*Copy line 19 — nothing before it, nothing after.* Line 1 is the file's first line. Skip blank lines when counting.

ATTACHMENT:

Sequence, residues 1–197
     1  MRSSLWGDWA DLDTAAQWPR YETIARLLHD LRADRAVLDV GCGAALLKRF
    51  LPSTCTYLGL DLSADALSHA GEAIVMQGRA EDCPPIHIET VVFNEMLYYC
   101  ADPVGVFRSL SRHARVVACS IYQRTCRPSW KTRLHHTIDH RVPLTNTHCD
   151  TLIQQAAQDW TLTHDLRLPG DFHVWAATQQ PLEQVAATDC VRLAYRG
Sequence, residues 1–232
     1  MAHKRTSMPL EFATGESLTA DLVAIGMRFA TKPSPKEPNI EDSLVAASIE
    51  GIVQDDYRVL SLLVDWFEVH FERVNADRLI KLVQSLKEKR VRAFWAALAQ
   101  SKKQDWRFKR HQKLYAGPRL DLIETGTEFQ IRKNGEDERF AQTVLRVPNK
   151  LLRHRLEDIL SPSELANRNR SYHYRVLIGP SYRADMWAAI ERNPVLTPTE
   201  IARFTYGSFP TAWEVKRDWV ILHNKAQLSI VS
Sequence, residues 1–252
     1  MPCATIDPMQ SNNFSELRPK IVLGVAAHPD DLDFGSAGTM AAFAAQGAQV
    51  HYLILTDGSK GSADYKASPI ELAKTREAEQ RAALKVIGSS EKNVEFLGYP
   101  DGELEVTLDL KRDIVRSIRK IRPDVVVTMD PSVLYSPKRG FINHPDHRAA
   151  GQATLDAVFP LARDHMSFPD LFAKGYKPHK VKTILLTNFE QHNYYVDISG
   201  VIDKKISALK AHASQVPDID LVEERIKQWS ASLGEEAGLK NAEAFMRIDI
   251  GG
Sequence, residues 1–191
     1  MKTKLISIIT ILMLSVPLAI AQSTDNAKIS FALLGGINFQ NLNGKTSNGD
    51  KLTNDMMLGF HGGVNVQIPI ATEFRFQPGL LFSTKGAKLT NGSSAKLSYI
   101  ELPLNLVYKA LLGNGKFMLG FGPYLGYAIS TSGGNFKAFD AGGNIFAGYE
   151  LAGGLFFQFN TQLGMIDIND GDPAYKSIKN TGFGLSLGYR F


Sequence, residues 1–191